1. The statute provides that one may maintain an action of contract for a debt of this kind, and at the same time have the benefit of the provisions of law for the enforcement of a lien upon the land and building. R. L. c. 197, § 33. This is the meaning of the prior statutes covering the same subject in similar language. R. S. c. 117, § 33. Gen. Sts. c. 150, § 40. Pub. Sts. c. 191, § 46. That this is the proper interpretation of the provision was decided in Angier v. Bay State Distilling Co. 178 Mass. 163 , in which the decision was not made upon a question of pleading, but upon substantive grounds. Of course the petitioner can have but one satisfaction, but he may pursue both remedies until he obtains satisfaction in one of them, so long as his action in one proceeding is not in conflict with that in the other.
2. An article in the contract provides for the making of monthly statements, by the contractor to the architect, of the
amount in value of labor and materials provided and used in the erection of the building, and for the issuing by the architect of certificates of payment of eighty per cent of such amount, or of so much as he deems just. The next paragraph is in these words: "Final settlement to be made forty days after the full completion of said building and its acceptance by the architect." Then in another paragraph is the following: "Provided, however, that in each of said cases of payment, if required, the said party of the first part shall present a certificate from the clerk of the office where liens are recorded, signed by said clerk, to the effect that the works and estate are, at the time said payments are due, free from all liens or claims chargeable to the said party of the first part." [Note p408-1]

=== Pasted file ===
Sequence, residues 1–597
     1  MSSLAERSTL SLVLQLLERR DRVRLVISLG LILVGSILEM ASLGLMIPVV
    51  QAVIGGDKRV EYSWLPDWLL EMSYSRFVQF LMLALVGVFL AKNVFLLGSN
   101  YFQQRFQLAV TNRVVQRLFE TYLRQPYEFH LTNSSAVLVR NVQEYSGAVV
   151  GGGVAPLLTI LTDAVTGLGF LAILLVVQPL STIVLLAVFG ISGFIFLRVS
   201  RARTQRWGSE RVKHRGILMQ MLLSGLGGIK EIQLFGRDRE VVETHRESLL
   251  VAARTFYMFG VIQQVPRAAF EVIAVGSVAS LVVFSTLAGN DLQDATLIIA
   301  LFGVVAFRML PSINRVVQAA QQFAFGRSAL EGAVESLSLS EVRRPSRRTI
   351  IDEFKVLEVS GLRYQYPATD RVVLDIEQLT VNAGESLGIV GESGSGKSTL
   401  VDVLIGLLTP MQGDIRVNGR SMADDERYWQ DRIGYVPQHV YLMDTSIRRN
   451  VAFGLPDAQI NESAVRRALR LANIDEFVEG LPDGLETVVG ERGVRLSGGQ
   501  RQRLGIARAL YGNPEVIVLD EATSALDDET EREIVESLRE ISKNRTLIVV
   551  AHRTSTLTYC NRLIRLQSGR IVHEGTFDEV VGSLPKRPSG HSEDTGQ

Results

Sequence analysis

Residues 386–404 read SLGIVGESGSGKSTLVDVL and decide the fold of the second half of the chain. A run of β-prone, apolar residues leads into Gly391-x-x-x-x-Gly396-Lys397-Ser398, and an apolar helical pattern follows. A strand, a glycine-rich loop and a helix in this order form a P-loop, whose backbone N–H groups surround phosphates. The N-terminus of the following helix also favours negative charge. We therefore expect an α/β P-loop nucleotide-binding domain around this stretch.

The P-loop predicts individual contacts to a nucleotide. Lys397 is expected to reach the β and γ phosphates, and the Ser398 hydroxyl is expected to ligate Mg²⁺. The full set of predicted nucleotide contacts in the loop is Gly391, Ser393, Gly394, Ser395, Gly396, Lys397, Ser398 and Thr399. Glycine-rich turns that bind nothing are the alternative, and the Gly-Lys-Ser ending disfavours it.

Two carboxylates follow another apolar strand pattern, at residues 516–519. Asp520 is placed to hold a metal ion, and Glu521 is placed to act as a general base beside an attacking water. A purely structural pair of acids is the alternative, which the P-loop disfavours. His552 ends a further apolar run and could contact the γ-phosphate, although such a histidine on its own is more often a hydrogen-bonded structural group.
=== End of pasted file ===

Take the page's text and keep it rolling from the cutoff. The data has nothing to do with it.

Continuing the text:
The plea in abatement sets up this last quoted provision, with an averment that no certificate was furnished under it. It contains no averment that any certificate was required. It is also averred that there are liens of certain persons filed against the property for labor and materials used in the erection of the building, and that petitions for the enforcement of some of these liens are pending.
These averments furnish no ground for the abatement of the petition. In the first place we are of opinion that the quoted provision does not apply to the final settlement, to be made forty days after the completion of the building, but only to the payments to be made monthly, according to the earlier requirement of the contract. Secondly, the failure to furnish a certificate when none was required would not affect the petitioner's right.
The postponement of the settlement until forty days after the completion of the building was undoubtedly intended to enable the owner to ascertain whether there were liens upon the building, and to protect himself from them. But this part of the contract does not preclude the petitioner from bringing a petition or suing out a writ for the recovery of the amount due him. In determining the amount to be paid him, if he had failed to pay for labor and materials included in his contract,
and had left them to be paid for out of the owner's property through the enforcement of a lien, that fact would be taken into account. The rights of the respondent in this particular would be protected by the court.
Case to stand for trial.
[Note p408-1] These three paragraphs were consecutive parts, unnumbered, of one article in the contract.